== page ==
The Dubai Mall is also a good place to take pictures of Burj Khalifa, the tallest building in the world. This spire certainly overwhelms the skyline of Dubai. Often on hazy days the top half of the building simply disappears, but I got a few interesting shots. I like the way the clouds seem to frame the structure, which is so tall that getting it into a good shot proved a challenge.

A few facts about Burj Khalifa:
  • At over 828 metres (2,716.5 feet) 
  • More than 160 storeys
  • Highest occupied floor in the world
  • Longest elevator ride in the world 
  • Highest observation deck in the world
  • Hardest building to get a picture of in its entirety with someone standing at its base. Trust me. I've tried.
  • Read more HERE

4. The Burj Al Arab Hotel

Yes, another hotel. But this one is billed as the only 6-star hotel in the world. You won't get anywhere near the hotel if you're not staying in it or on a tour. You can buy tickets online or just do what we did: hang out at the hotel next to it and take pictures of the Burj Al Arab from there.

OR... you can book high tea at the Burj al Arab for as little as 300 Dirham a person. That's only $60. I wonder if they serve gluten-free high tea.

From our table at the Jumeirah Beach Hotel.

The Burj Al Arab from the entrance to Souk Madinat Jumeirah

If you don't need to see the lobby of the Burj Al Arab--which is reported to be higher than the Statue of Liberty--you can take great pictures of the hotel from Souk Madinat Jumeirah, which is just around the corner. Souk Madinat Jumeirah is also a great place to have dinner or just shop in a traditional but relaxed market.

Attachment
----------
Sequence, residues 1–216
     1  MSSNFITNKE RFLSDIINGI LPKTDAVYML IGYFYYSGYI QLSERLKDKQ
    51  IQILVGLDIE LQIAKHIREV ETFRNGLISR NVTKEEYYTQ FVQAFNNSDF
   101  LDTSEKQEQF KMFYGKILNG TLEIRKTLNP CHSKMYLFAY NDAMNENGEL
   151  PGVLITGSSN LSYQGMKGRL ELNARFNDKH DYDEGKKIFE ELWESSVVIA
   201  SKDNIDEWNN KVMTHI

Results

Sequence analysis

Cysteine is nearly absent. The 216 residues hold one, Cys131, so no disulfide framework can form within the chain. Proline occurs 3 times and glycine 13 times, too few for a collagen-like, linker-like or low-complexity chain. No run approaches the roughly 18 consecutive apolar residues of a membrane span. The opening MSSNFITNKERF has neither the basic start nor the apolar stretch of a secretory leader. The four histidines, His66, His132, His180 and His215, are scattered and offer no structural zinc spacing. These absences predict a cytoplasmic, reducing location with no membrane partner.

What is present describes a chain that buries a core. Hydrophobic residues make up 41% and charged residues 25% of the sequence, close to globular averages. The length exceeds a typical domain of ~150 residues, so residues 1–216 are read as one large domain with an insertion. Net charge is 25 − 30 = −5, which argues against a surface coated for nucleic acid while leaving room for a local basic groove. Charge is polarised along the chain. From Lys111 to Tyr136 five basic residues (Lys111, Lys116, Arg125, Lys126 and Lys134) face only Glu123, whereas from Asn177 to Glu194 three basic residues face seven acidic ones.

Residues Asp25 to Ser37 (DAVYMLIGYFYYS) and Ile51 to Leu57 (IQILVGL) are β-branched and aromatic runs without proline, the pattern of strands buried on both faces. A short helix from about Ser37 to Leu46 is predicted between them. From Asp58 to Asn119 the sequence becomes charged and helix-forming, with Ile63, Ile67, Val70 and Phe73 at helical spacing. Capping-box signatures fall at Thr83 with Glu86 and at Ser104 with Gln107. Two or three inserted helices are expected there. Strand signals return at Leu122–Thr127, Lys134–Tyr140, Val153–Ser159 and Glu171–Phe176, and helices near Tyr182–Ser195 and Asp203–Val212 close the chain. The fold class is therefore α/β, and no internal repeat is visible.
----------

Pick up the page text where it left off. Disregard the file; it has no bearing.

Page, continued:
The Waterways surrounding Souk Madinat Jumeirah


5. The Beaches

Joke! Oh my Lord. Why would anyone want to bake in the sun on one of Dubai's beaches? OK, if 50C-degree heat is your thing, go for it. There are lots of beaches around Dubai. Just follow the rules. Remember this is an Islamic country. But instead of going to the beach, why not cool off by going downhill skiing? Yes, you can do that in Dubai at Ski Dubai in the Mall of the Emirates. They suit you up for the whole day for around $35 a person. And there are penguins. I'm not sure you can get a better deal than this with penguins included. Wait. You could, if you're as cheap as I am, just take pictures through the window and laugh about you aren't back in freezing Munich shoveling snow right now.


Next time, I'm going to take you to Muscat, Oman where--surprise, surprise--it's going to be hot.

I must be off,
Christopher

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Christopher Allen is the author of Conversations with S. Teri O'Type (a Satire), an episodic adult cartoon about a man struggling with expectations. Allen's award-winning fiction and non-fiction have appeared or are forthcoming in Indiana Review, Quiddity, SmokeLong Quarterly's Best of the First Ten Years anthology, Prime Number Magazine, Crack the Spine, Feathertale, The Best of Every Day Fiction, Pure Slush, Bootsnall Travel and Chicken Soup for the Soul. A finalist at Glimmer Train in 2011, Allen has been nominated for Best of the Net and the Pushcart Prize twice. He is the managing editor of the daily litzine Metazen.